This was a long time coming: finally there’s something to cheer about for Chinese football fans. It’s not a victory, but a respectable draw and – even more important – not a humiliation. With a summer of shame and three straight losses behind them (including the embarrassing 5-1 home drubbing by Thailand), most Chinese fans would have hoped China could somehow just keep their dignity intact at the East Asian Cup now taking place in South Korea. One of the few Chinese fans in the stadium in Seoul for the match against Japan on Sunday night carried a banner reading “Please just respect the national flag”. Yet China did more than merely avoid a humiliation: despite taking an early lead, China fell 3-1 behind before rallying in the last 20 minutes, converting a penalty and then scoring a dramatic late equalizer for a blistering finish. What was most gratifying about the performance was the fighting spirit exhibited by the Chinese side, and the sense of pleasant surprise and contentment was clearly visible on Monday’s front pages in China:
“Me and my buddies are all stunned…”
On June 17 Danwei reported on the Oriental Guardian (东方卫报) from Nanjing describing the Chinese national football team’s 5-1 loss against Thailand on June 15 as a “dagger deep into the heart of every Chinese football fan” (像一把尖刀深深地刺痛每一个球迷的心). Yet on Monday the same newspaper’s front page exclaimed its new-found faith in the national team by using a new meme that’s become popular on the Internet in China: “Me and my buddies believe in the Chinese football team again” (我和小伙伴又相信国足了). The “me and my buddies” part is based on a primary school student’s essay that was uploaded to Weibo in November 2011 but went viral in June this year. One of the sentences that the student used in the essay read “Me and my buddies are all stunned” (我和小伙伴们都惊呆了). The Oriental Guardian is one of many newspapers that used the “me and my buddies” meme on Monday to praise the Chinese team’s performance.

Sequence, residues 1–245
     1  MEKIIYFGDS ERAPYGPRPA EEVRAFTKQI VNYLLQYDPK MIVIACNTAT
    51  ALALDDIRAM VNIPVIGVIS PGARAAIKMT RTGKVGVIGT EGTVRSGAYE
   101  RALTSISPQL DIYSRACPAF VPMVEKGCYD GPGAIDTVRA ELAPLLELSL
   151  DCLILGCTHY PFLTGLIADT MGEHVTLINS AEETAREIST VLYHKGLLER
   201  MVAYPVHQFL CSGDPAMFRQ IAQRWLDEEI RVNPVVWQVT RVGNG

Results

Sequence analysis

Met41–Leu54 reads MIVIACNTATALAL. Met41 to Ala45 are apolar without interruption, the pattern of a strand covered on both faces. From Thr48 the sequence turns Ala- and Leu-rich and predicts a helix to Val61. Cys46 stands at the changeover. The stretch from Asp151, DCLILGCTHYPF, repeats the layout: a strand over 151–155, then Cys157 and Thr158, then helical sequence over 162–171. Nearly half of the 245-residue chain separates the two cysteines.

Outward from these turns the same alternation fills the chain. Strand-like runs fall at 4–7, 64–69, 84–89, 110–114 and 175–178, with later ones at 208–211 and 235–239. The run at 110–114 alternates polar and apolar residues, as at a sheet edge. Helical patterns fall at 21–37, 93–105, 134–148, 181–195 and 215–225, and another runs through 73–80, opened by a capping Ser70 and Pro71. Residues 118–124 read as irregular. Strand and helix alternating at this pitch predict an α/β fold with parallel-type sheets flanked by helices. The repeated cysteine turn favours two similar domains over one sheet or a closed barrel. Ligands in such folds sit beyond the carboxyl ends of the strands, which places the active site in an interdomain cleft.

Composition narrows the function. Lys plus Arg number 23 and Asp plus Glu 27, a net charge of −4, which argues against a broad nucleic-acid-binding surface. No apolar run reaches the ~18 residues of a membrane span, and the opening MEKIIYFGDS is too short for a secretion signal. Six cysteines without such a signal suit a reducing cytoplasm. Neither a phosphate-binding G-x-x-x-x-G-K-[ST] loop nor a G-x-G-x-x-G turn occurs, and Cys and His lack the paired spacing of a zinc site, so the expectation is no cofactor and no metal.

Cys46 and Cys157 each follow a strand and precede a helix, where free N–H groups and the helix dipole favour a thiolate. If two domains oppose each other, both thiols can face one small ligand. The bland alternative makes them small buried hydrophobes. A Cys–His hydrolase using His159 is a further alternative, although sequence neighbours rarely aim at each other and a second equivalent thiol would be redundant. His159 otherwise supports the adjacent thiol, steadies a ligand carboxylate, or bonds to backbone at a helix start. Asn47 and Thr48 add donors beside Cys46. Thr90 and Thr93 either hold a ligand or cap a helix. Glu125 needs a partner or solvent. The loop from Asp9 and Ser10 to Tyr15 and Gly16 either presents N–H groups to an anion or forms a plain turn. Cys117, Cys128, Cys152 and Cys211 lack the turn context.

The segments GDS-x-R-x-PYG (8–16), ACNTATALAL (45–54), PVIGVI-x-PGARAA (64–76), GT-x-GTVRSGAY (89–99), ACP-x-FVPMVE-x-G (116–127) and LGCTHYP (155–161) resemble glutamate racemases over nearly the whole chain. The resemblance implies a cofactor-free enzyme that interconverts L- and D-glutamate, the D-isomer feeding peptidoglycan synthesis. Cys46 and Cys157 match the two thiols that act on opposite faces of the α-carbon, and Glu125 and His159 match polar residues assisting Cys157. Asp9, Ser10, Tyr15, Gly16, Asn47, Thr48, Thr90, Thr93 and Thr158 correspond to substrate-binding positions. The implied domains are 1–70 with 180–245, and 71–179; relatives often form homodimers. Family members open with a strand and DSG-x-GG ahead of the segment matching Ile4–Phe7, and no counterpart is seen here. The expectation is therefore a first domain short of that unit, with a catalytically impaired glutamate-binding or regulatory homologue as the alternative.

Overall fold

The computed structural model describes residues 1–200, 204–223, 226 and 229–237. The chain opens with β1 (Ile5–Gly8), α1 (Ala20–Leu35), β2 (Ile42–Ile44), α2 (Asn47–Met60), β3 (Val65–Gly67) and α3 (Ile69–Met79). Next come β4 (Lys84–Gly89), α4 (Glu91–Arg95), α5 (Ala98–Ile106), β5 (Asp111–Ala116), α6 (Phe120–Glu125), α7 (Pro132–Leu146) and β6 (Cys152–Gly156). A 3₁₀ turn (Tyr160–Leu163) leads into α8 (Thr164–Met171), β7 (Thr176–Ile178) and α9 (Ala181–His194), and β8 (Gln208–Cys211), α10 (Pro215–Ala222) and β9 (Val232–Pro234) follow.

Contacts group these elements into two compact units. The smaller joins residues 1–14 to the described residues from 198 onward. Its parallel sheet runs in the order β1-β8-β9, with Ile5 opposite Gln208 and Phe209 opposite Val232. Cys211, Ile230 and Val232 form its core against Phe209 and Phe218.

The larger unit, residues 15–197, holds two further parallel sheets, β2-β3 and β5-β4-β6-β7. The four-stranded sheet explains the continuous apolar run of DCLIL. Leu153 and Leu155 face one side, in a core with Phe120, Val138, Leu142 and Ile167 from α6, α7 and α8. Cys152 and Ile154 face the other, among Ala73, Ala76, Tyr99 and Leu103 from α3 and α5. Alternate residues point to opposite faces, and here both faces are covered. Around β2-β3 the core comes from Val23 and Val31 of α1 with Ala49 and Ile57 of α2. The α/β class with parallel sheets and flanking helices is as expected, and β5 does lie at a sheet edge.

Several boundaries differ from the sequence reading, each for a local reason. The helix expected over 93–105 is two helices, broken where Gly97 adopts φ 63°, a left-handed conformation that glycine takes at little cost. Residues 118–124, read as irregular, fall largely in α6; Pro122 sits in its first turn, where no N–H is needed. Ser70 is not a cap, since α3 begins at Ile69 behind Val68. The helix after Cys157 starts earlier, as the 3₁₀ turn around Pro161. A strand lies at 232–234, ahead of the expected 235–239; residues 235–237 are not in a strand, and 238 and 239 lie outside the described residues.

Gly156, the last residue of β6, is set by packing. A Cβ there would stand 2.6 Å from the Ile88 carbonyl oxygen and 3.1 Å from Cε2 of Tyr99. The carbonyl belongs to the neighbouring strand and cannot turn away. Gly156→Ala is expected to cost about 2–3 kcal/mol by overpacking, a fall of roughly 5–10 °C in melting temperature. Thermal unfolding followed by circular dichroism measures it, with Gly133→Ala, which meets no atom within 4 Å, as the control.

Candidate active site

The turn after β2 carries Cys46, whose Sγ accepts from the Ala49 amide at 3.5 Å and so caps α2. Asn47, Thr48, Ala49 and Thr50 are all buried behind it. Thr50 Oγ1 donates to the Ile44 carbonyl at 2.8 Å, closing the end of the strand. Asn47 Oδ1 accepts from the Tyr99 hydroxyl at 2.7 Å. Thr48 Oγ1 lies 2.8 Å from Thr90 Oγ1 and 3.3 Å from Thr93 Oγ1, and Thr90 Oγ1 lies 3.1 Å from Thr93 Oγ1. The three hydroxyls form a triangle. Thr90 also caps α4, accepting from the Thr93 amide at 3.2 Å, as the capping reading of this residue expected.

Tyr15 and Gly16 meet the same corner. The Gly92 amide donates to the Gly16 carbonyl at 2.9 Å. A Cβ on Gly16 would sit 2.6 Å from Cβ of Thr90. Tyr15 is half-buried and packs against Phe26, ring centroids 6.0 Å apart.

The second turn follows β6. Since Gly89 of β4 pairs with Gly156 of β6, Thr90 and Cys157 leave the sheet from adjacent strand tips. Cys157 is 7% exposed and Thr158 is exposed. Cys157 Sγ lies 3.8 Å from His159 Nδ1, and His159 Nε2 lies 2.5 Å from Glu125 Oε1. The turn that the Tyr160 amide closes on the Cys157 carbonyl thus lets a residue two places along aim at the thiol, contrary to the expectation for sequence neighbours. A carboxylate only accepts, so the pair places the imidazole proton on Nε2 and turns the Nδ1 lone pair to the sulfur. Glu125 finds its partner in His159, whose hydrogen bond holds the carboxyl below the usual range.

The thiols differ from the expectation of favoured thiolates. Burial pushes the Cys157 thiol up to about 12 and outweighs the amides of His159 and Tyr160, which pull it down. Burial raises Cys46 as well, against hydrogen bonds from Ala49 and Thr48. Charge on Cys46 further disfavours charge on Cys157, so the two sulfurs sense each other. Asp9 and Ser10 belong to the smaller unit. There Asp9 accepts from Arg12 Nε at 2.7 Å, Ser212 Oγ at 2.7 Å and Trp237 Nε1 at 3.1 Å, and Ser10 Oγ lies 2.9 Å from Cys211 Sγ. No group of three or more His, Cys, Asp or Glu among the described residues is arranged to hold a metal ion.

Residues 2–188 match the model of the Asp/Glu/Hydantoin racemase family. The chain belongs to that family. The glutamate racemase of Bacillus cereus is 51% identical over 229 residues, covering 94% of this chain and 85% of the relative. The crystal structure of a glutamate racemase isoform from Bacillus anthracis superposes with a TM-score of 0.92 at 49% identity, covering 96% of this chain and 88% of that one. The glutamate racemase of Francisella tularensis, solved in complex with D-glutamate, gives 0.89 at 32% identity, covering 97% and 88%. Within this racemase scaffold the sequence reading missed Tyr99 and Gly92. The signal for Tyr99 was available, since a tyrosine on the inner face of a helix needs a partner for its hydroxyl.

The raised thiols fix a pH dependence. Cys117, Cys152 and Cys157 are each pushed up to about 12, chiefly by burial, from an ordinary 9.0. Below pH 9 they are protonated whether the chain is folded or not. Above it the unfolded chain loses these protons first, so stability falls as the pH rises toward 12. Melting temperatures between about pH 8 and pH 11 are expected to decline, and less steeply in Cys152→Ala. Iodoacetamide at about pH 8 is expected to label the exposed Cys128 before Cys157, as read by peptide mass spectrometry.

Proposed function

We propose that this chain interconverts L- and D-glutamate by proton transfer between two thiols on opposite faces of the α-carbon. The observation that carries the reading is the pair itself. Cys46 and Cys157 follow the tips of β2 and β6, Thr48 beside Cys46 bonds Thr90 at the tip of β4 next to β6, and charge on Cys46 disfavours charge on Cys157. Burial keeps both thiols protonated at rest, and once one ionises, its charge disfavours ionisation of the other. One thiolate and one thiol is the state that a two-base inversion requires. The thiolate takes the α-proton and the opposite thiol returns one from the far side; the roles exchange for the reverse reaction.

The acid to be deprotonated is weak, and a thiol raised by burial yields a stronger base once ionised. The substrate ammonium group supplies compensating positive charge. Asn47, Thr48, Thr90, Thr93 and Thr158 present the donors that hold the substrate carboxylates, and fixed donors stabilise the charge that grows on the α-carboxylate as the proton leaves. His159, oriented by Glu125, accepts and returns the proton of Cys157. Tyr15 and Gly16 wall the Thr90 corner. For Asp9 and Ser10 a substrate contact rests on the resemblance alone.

This was the first game in charge for new coach Fu Bo (傅博), who was hired to replace the team’s former Spanish coach who was sacked after the debacle against Thailand. So when Japan established a 3-1 lead, many Chinese fans feared another bad loss was on the way. But then China fought back. Never mind, as the Beijing Morning Post (北京晨报) pointed out, that the Japanese side was really barely a second-string team, or, as the Chongqing Times (重庆时报) pointed out, that the referee seemed to be favoring China slightly – all the Chinese newspapers on Monday were able to revel in the Chinese team’s fighting spirit and refusal to give up.
For the Guangzhou Daily (广州日报), there are two good things that China can take out of the match. The first is that every member of the team worked hard to get something out of the match, yet they did so in a disciplined fashion and within the rules; and the second is that the team displayed good skill and technique to score three goals. Fighting spirit and skill were things (as the paper notes) that were sadly lacking in previous games this year.
After Sunday’s game the official Weibo account of the national team posted the following message:
This is not a moment to celebrate a victory, and certainly does not mean we have achieved any of our goals. But it is progress. We want to say thanks to every fan who supported us through the tough times. For the glory of China and for all the fans, we can only keep fighting to the end.
China has not beaten Japan in football since 1998.
China’s next game in the tournament is on July 24 against South Korea.
Links and sources
Oriental Guardian (东方卫报): 我和小伙伴又相信国足了
Beijing Morning Post (北京晨报): 3比3，我们懂得知足
Chongqing Times (重庆时报): 国足3∶3日本，我和小伙伴们都惊呆了
Guangzhou Daily (广州日报): 永不放弃 终可做到
Wuhan Evening News (武汉晚报): 战斗到底
Chinese national team on Weibo